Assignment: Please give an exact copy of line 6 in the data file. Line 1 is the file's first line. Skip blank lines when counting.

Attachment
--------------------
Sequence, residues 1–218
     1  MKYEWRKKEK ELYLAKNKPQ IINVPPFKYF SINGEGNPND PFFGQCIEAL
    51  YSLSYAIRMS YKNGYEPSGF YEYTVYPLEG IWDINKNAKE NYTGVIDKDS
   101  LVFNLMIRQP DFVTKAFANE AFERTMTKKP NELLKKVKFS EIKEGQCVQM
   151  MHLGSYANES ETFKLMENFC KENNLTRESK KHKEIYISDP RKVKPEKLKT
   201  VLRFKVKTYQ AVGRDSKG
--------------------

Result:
   201  VLRFKVKTYQ AVGRDSKG